This group of commands affects the fail-over status of the 3-DNS. Note that the failover commands are only valid if you have a redundant system.

Run the following command to place a 3-DNS unit in standby mode:

b failover standby

Show the status of the 3-DNS unit with the following command:

b failover show

You can use the bigpipe failover init command to refresh the parameters of the fail-over mechanism with any new configuration data entered in the BIG/db database.

b failover init

global

b global auto_lasthop enable | disable | show

b global ipforwarding enable | disable

b global open_3dns_ports enable | disable | show

b global open_corba_ports enable | disable | sho

b global open_snmp_ports enable | disable | show

b global open_telnet_port enable | disable

b global open_ftp_ports enable|disable

b global open_ssh_port enable | disable

b global open_rsh_ports enable | disable

b global open_failover_ports enable | disable | show

b global verbose_log_level <level>

b global webadmin_port <port>

b global l2_aging_time <seconds>

auto_lasthop

When this variable is enabled, it automatically designates the lasthop router inside IP address as a lasthop route for replies to inbound traffic. If auto_lasthop is disabled, the lasthop router inside IP address must be specified as a lasthop pool. The default setting is enable.

ipforwarding

Enables IP forwarding for the 3-DNS. IP forwarding exposes all of the node IP addresses to the external network, making them routable on that network. Note that this setting is only applicable if you are running the 3-DNS in router mode. The default setting is disabled.

open_3dns_ports

This variable is required only when running one or more 3-DNS systems in the network. It does not apply to running the 3-DNS module on a BIG-IP.

open_corba_ports

This variable enables and disables the CORBA ports, which allow administrative CORBA connections. The default setting is disabled.

open_snmp_ports

This variable enables and disables the SNMP ports, which allow administrative SNMP connections. The default setting is disabled.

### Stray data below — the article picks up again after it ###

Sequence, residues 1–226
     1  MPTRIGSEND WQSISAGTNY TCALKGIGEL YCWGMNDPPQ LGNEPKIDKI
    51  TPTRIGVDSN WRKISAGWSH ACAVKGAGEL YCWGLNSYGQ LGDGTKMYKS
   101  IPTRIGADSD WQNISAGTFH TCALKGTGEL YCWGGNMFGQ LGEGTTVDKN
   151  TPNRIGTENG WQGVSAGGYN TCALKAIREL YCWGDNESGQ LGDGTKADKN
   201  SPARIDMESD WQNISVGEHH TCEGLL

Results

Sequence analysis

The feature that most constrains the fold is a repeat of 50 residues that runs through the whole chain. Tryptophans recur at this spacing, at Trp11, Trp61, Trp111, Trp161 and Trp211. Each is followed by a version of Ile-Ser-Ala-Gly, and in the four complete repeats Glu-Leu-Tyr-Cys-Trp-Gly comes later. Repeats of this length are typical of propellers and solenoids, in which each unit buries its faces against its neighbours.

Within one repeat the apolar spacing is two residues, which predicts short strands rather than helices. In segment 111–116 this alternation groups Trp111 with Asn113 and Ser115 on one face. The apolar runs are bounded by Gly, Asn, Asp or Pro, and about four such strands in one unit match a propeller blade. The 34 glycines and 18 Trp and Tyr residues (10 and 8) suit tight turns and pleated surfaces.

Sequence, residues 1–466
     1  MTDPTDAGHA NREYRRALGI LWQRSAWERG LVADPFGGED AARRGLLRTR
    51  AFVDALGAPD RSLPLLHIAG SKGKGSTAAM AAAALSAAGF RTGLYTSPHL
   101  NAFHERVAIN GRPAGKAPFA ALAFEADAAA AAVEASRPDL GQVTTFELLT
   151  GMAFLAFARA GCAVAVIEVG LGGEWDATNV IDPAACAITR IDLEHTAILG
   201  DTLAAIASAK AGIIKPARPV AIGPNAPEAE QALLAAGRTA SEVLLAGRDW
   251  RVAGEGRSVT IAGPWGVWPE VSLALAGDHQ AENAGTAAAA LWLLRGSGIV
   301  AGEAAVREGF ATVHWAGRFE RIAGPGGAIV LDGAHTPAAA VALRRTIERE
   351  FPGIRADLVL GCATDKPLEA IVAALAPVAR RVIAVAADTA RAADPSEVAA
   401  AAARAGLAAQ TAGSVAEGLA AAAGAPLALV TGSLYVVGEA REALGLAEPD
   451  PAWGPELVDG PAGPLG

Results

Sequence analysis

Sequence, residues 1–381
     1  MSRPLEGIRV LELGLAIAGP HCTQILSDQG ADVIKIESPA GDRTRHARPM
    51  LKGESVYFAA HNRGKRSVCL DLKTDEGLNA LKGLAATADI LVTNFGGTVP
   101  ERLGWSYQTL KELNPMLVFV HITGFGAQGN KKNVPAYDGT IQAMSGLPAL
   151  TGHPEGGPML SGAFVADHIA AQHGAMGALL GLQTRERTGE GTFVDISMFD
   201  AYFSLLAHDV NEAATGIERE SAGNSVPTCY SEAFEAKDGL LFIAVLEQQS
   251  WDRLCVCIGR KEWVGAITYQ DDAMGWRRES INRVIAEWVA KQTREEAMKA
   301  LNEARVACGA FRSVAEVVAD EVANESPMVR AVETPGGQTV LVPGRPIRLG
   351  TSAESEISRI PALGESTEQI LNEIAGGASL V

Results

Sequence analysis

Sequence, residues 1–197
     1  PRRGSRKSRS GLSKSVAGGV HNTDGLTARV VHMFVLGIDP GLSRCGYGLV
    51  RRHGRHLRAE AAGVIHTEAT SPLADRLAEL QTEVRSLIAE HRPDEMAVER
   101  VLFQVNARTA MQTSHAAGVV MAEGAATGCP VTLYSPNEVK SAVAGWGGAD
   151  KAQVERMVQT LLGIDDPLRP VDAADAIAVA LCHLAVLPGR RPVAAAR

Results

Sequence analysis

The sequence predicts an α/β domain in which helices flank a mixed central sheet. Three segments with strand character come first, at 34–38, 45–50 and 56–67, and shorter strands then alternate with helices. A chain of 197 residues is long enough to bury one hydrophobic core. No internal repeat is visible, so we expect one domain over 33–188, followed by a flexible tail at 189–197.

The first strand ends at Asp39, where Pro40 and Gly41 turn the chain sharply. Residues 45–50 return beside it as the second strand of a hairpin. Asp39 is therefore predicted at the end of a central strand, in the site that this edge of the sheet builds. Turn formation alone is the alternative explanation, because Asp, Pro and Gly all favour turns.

open_telnet_port

This variable enables or disables ports for Telnet access. The default setting is disable.

The following command sets this variable to open the Telnet port (23) to allow administrative Telnet connections. This is useful for non-crypto 3-DNS systems.

The following command opens the Telnet port:

b global open_telnet_port enable

The following command closes the Telnet port:

b global open_telnet_port disable

open_ftp_ports

This variable enables or disables ports for FTP access. The default setting is disable.

The following command open the FTP ports (20 and 21) to allow administrative FTP connections, which is useful for non-crypto 3-DNS systems.

b global open_ftp_ports enable

The following command closes FTP ports:

b global open_ftp_ports disable

open_ssh_ports

This variable enables or disables ports for SSH access on 3-DNS systems that support encrypted communications. The default setting is enable.

The following command opens the SSH port (22) to allow encrypted administrative connections:

b global open_ssh_port enable

The following command closes the SSH port:

b global open_ssh_port disable

open_rsh_ports

This variable enables or disables ports for RSH access. You may need to open RSH ports if you are configuring a non-crypto 3-DNS, or if you want a crypto 3-DNS to communicate with non-crypto systems in your network.

The default setting is disable.

The following command opens the RSH ports (512, 513, and 514) to allow RSH connections:

b global open_rsh_ports enable

The following command closes RSH ports:

b global open_rsh_ports disable

open_failover_ports

This variable enables or disables network failover (failover in a redundant system with no serial cable connection) when a VLAN has port lockdown enabled.